Gunmen Kill 2 People in Thai Deep South

Mariyam Ahmad
Pattani, Thailand
200622-TH-crime-scene-1000.jpg A security officer inspects the scene at a lumber mill in Bannang Sata, a district of southern Thailand’s restive Yala province, where a worker was fatally shot by gunmen, June 22, 2020.

Gunmen killed two people in separate attacks in the Thai Deep South on Monday, police said, days after Thailand’s chief negotiator in regional peace talks expressed hope that negotiations with rebels could soon resume after a three-month COVID-19 hiatus.

Meanwhile, A supporter of Barisan Revolusi Nasional (BRN), the largest and most powerful of insurgent groups in the southern border region, told Benar News that the group was “ready to talk at any time.”

On Monday, a deputy village headman and a timber worker were gunned down in attacks that took place in Pattani and Yala provinces, according to police who did not rule out that rebels could be linked to the killings.

Mayusi Jehoh, the village official, was shot in the morning at a home in Sai Buri, the Pattani district where he lived, a local police official told reporters.

“According to witnesses, the slain man was visiting a house there when unidentified gunmen produced a handgun and shot him multiple times before they managed to escape,” said police Col. Mana Dejawarith, the chief of Sai Buri police station.

“We are looking into possible motives,” he said.

Hours later, Gusnee Sueno was fatally shot in the head while resting in a room at the lumber mill where he worked in Bannang Sata, a district of Yala, authorities said.

Both victims of the separate attacks died at local hospitals, officials said.

The attacks took place three days after Gen. Wanlop Rugsnaoh, the head of Thailand’s delegation in Malaysia-brokered peace negotiations with southern separatist insurgents, told BenarNews that he was looking to restart direct talks with the BRN in July or August, after the coronavirus pandemic had subsided further.

Thailand and a panel representing the rebel group’s military wing held two rounds of talks in Kuala Lumpur earlier this year, but the process was disrupted when the neighboring countries imposed COVID-19 lockdowns in mid-March.

On Monday, a BRN sympathizer who administers a Facebook page believed to be linked to supporters of the rebel group responded to questions from BenarNews about the prospect of peace talks resuming in the near future.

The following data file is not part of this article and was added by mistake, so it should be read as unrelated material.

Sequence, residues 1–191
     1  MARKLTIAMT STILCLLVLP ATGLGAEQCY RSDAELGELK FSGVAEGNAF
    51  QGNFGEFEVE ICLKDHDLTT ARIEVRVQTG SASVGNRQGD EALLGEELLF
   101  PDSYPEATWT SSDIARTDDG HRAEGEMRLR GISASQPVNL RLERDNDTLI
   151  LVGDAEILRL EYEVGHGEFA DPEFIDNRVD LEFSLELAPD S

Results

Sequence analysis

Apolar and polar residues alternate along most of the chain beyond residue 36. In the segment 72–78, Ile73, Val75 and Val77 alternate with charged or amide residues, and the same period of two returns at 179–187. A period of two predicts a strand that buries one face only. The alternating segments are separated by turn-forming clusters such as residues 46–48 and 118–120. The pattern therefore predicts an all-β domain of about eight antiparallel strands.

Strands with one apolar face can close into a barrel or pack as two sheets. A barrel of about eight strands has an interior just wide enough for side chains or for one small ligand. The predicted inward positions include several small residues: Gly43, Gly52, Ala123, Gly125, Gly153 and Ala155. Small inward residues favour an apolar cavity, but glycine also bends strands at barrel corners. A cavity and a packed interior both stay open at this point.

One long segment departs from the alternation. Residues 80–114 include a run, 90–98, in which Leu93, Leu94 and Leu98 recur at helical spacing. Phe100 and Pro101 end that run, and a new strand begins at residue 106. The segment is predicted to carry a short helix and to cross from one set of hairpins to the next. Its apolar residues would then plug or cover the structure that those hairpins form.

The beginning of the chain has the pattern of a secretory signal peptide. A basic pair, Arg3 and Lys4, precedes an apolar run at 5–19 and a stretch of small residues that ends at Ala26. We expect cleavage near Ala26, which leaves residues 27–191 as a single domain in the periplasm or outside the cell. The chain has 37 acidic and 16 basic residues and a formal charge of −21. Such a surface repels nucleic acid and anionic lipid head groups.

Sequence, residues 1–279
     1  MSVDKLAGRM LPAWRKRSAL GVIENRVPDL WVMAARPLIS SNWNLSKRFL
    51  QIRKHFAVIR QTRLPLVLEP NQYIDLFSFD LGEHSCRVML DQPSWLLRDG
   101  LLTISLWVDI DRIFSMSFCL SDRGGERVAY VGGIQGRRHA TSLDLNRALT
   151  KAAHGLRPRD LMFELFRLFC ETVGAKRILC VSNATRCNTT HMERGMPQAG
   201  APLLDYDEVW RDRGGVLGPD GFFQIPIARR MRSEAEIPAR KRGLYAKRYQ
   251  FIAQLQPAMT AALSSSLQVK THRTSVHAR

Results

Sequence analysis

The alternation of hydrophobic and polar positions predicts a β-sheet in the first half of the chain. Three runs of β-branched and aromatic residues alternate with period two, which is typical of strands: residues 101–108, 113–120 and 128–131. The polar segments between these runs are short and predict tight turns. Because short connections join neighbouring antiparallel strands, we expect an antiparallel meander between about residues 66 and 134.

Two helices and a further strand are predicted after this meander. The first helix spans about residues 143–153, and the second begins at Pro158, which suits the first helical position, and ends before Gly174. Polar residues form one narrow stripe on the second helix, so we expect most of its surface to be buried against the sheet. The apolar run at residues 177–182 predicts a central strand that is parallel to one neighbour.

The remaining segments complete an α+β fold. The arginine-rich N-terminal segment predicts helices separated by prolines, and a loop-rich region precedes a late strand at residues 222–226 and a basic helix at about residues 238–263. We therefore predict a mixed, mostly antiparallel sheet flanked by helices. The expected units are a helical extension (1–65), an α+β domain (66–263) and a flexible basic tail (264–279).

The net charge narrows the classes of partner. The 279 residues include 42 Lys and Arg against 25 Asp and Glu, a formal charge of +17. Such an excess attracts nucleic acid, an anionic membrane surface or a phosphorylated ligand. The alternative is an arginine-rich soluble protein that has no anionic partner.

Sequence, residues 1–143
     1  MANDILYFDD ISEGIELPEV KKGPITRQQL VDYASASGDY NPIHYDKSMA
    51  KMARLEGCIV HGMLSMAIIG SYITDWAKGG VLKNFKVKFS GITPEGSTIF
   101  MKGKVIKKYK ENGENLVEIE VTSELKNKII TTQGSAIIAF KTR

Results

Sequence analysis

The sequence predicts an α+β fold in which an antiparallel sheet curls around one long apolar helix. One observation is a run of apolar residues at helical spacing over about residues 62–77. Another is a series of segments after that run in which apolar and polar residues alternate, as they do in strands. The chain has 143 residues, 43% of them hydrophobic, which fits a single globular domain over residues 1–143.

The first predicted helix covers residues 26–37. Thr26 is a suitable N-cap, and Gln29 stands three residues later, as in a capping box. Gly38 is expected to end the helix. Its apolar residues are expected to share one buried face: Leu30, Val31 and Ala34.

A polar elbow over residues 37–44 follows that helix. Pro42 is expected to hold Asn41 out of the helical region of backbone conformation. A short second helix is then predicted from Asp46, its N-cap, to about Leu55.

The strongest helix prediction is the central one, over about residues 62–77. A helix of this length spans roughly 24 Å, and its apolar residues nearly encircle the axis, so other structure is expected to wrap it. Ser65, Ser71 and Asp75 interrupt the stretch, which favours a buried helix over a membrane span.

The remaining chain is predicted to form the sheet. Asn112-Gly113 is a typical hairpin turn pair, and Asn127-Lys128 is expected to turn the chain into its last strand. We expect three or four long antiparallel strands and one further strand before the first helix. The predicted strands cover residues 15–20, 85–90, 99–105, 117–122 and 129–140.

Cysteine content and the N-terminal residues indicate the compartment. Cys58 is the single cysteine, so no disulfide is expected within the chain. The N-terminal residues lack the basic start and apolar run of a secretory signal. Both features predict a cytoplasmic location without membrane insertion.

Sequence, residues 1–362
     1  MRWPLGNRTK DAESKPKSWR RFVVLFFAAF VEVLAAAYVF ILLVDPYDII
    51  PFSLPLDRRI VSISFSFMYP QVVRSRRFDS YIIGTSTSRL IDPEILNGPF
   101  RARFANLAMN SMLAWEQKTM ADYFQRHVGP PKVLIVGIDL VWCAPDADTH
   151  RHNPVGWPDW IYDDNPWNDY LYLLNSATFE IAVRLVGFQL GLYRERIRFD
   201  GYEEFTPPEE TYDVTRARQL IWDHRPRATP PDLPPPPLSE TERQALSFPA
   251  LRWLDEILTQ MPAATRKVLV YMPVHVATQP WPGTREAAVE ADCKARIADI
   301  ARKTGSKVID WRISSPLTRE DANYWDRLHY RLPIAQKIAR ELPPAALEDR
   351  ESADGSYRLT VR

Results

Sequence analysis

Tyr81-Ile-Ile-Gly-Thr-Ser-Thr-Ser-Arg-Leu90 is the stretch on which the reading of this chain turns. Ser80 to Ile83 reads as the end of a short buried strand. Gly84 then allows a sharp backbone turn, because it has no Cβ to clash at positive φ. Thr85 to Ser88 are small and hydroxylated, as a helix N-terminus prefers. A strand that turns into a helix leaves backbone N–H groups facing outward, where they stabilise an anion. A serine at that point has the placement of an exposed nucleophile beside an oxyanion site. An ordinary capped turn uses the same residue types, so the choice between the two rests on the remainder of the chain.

“In regard to the meeting when Malaysia opens the country, we have no problem, we are ready to talk at any time,” the administrator of the social media page said via a text message Monday without revealing his or her identity. “We are in a ceasefire state, though the Siam-Thai state provokes us and makes us look like a terrorist organization in the eyes of the world community.”

The source was referring to a unilateral ceasefire declared by BRN on humanitarian grounds on April 3, saying it was ceasing “all activities” to allow medical workers to be unimpeded while they responded to the coronavirus pandemic across the Deep South.

A lull in violence lasted for about a month after the ceasefire declaration. But Monday’s killings brought to at least 12 the number of people, including four suspected insurgents, who have died in violence across the Deep South since BRN declared the ceasefire, according to a tally of police statistics compiled by BenarNews.

“The incidents that took place in later weeks are normal because the organization [BRN] wanted to demonstrate their potential and signal that the group exists and is able to mount attacks at any time, though it reduced their intensity during the COVID time,” professor Srisompob Jitpiromsri, the director of Deep South Watch, a local think-tank, told BenarNews.

More than 7,000 people have died in violence across the various provinces and districts that make up Thailand’s mainly Muslim and Malay-speaking southern border region since the separatist insurgency reignited in 2004.


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